DAILYKENN.com -- There were about 100 fewer murders in Chicago this year over last year. Carjackings, however, have increased.
Let's predict: Donald Trump will be blamed for the increase in carjackings but not the decrease in homicides.
When the media hyped the bogus black-lives-matter phenomenon in which police were demonized and, consequently, had to stand down in black communities; violent crime escalated resulting in a homicide spike. The media is complicit, in my opinion, for those spike in homicides.
What the Klan couldn't and wouldn't do — vicariously massacre hundreds of blacks — the media did with impunity.
From Chicago Tribune ▼
Carjackings in Chicago surged to their highest number in at least 10 years, statistics show, a trend that has unnerved residents and visitors alike.
While much of the city’s attention was focused on the rise in shootings and homicides over the past two years, carjackings spiked in 2016, as numbers in other crime categories also rose.
This year, carjackings spiked even higher, hitting their largest tally in at least a decade, with 967 carjackings through Wednesday, according to Chicago Police Department statistics.
The city had 682 carjackings for all of 2016, more than double the tallies from each of the two previous years. The last year the city even approached 900 carjackings was in 2007, when 898 were recorded. Since then, the numbers dropped year over year until 2015.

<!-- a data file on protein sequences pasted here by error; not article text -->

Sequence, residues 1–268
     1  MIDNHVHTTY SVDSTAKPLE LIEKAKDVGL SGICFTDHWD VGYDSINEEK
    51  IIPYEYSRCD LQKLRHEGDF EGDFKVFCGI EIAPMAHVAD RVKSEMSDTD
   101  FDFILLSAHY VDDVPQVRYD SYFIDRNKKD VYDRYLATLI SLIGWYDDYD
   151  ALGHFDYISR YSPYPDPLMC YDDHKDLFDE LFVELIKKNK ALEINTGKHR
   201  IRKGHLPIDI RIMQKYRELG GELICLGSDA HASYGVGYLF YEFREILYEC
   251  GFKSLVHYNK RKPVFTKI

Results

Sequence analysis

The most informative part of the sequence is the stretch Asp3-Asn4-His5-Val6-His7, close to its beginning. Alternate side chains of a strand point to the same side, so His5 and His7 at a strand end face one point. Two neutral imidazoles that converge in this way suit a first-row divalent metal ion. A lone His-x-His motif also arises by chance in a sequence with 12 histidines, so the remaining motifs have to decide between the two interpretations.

While higher-profile violence such as shootings and homicides have been concentrated largely on the South and West sides, carjackers have struck throughout the city, including often in trendy neighborhoods and downtown. Victims included the son of former TV news anchor Robin Robinson and a Chicago Tribune reporter who was carjacked in a parking lot down the block from a South Side police station.
In these crimes, criminals use force to rob victims — often at gun or knifepoint — of their vehicles. Sometimes these vehicles are then used in drive-by shootings, smash-and-grab burglaries and other crimes. Other times the robbers might use the cars for joyriding before abandoning them.
One method that criminals have adopted to commit these crimes is known as the “bump-and-run” — when suspects driving in one car intentionally bump into another. When that motorist gets out and checks the damage, the suspects use force, often threatening the victim with a weapon, before jumping in and stealing the car.
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